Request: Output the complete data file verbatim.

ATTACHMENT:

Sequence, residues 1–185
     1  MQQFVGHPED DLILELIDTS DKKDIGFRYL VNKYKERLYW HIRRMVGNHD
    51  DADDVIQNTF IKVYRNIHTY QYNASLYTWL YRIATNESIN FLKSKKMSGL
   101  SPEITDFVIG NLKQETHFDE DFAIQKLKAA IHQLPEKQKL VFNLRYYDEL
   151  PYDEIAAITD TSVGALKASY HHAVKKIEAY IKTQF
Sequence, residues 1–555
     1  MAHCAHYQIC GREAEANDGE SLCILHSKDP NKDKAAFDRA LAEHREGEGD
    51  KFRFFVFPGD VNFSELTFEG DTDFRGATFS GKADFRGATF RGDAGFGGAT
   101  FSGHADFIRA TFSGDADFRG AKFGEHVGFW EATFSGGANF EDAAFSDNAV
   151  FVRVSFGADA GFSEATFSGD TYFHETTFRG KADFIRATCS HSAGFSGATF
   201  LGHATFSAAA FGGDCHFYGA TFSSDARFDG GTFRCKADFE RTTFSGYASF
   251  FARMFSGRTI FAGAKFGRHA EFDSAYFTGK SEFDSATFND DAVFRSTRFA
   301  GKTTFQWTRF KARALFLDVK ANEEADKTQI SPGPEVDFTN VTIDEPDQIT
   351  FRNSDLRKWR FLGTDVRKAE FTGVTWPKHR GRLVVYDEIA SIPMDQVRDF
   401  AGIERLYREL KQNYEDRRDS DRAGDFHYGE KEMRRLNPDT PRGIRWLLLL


Sequence, residues 1–185
     1  MQQFVGHPED DLILELIDTS DKKDIGFRYL VNKYKERLYW HIRRMVGNHD
    51  DADDVIQNTF IKVYRNIHTY QYNASLYTWL YRIATNESIN FLKSKKMSGL
   101  SPEITDFVIG NLKQETHFDE DFAIQKLKAA IHQLPEKQKL VFNLRYYDEL
   151  PYDEIAAITD TSVGALKASY HHAVKKIEAY IKTQF
Sequence, residues 1–555
     1  MAHCAHYQIC GREAEANDGE SLCILHSKDP NKDKAAFDRA LAEHREGEGD
    51  KFRFFVFPGD VNFSELTFEG DTDFRGATFS GKADFRGATF RGDAGFGGAT
   101  FSGHADFIRA TFSGDADFRG AKFGEHVGFW EATFSGGANF EDAAFSDNAV
   151  FVRVSFGADA GFSEATFSGD TYFHETTFRG KADFIRATCS HSAGFSGATF
   201  LGHATFSAAA FGGDCHFYGA TFSSDARFDG GTFRCKADFE RTTFSGYASF
   251  FARMFSGRTI FAGAKFGRHA EFDSAYFTGK SEFDSATFND DAVFRSTRFA
   301  GKTTFQWTRF KARALFLDVK ANEEADKTQI SPGPEVDFTN VTIDEPDQIT
   351  FRNSDLRKWR FLGTDVRKAE FTGVTWPKHR GRLVVYDEIA SIPMDQVRDF
   401  AGIERLYREL KQNYEDRRDS DRAGDFHYGE KEMRRLNPDT PRGIRWLLLL